The backfill algorithm works by noting which servers have told ‘this’ server what data they contain. Any server in the org, for any particular folder (including the hierarchy itself) only knows what other servers have told it. For example, normal replication traffic carries with it the complete change-number set information of the server sending the replication mail. So, the mail might be “here are changes 1700 thru 1750 and I also have in my own store changes 1 thru 1699” (the actual information passed is a bit more complex, but this is the basic idea). The server that gets that mail rejoices in the arrival of changes 1700 thru 1750 and also makes a note that the server that sent the mail also has changes 1 thru 1699, should it need them. It does not know anything about any other server – just the one that sent this mail, and then all it knows is what was in the mail.
One of the replication message types is a Status Request. When a public store knows for certain that it is missing data, but doesn’t know what that data is, it sends out a status request. The occasions a server knows (or at least can be fairly certain) that it’s missing data is immediately after a restore, after creation of a brand new store (ie, the database is empty), or when adding the server to the replica list for a particular folder.
When you run setup to install a new server, the setup program creates a new public store. This involves creating some objects in the Active Directory. After setup has finished, it mounts the new public store right away. As the store is mounted, the server knows that the brand new database is empty and sends out a status request for change number information about the hierarchy. It sends this to all other hierarchy replicas, which is every other public folder server with a public store in the same Public Folders hierarchy (your MAPI hierarchy, or an application hierarchy, for example). The expectation is those other stores will respond to the request with their change number information, which allows the new server to a) record who has what data and b) file new backfill entries in the backfill array for later submission as backfill requests.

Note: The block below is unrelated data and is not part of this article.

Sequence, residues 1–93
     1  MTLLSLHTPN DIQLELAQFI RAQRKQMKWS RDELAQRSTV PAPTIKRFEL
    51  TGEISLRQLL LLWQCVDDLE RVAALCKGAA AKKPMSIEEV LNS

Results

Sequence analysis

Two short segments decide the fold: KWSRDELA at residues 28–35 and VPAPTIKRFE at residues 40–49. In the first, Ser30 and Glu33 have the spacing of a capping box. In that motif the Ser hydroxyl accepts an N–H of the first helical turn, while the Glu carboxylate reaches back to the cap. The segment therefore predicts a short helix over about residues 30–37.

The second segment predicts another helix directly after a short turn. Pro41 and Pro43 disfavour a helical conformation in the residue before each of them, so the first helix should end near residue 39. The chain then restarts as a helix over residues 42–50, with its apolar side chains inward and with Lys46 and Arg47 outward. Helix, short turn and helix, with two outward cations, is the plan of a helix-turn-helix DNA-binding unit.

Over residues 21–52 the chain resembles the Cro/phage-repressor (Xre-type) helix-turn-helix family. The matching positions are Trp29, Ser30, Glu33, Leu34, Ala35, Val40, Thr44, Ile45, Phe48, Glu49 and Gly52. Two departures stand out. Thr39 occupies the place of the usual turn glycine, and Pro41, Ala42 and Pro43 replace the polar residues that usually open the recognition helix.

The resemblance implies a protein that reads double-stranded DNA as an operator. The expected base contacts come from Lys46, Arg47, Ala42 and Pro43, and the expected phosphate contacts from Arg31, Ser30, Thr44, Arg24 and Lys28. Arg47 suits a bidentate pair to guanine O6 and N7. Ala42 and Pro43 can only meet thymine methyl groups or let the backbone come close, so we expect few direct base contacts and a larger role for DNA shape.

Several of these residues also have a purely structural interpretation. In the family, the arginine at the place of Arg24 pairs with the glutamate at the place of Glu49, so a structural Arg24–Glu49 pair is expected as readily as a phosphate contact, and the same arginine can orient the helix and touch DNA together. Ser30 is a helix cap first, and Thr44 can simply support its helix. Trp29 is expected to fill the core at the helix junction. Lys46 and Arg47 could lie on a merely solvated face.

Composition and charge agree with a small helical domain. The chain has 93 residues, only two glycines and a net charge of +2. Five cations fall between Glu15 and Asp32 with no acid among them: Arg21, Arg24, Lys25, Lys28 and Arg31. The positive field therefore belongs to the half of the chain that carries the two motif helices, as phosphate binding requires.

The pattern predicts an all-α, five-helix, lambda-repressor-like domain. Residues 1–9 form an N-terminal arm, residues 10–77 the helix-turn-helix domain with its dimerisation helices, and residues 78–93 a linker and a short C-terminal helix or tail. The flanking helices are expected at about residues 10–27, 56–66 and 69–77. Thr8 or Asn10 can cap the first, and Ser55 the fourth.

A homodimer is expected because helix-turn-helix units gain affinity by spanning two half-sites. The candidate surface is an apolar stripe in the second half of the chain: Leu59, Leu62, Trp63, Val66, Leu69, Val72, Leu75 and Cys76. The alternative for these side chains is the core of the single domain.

The problem lies in some of the security methods employed by Exchange to avoid sending public folder replication mail to (or accepting from) hackers or others. When a public store receives a replication email, it verifies that it came from another public store by looking up the sender’s email address in the Active Directory. To avoid making too many calls into the AD, the server actually just keeps a cache of known public stores and periodically refreshes this cache. This refresh happens by itself about once an hour. There are other occasions where the list gets reloaded forcefully, but for the most part, it’s roughly once an hour.
You can see where this is going…
The new server sends out its status request almost immediately after the database is first mounted, which is usually just a few minutes after the objects are created in the Active Directory, but the other servers in your org may not believe the authenticity of that request because they may not yet have reloaded their lists. Additionally, the other stores might get their data from some other domain controller. So now you have to take into account replication latency among your DCs. Also, don't forget that if you have 5.5 servers, they are on the other side of an Active Directory Connector (which has its own replication schedule), and each of them hosts their own 5.5 directory. It could be a considerable length of time between the store being created in the Active Directory and the rest of your servers even having the ability to know the new store exists, let alone the delay of up to an hour before they even look and reload their cached lists.
All this means is that initial status request stands a fair chance of not being processed by many, but not all, of your servers. Until they reload their lists, there's a possibility that the only server that believes the mail is authentic is on the other side of the world. Which in turn means the new server will know that only this server has any data at all and will ultimately send backfill requests there. Note that if none of the servers respond to the first request, the new server will send another one roughly six hours later.
You can work around this by monitoring setup and waiting for the new store object to be created in the Active Directory. As soon as it appears, use Exchange System Manager to mark the database such that it should not mount when the store starts (another option is to use the Services control panel applet to disable the Microsoft Information Store service). Give the presence of the new objects in the AD a chance to replicate around to all of your directory servers, and then give it another hour for each public store server to refresh its list (this may be more time than is actually needed, since some servers may reload right away, while others might wait up to an hour). After you can be fairly sure most, if not all, of your other public folder servers know the new public store exists, you can go mount it (remember to allow automatic mounting when the service starts). You should see much better choices made when backfill requests are finally sent out.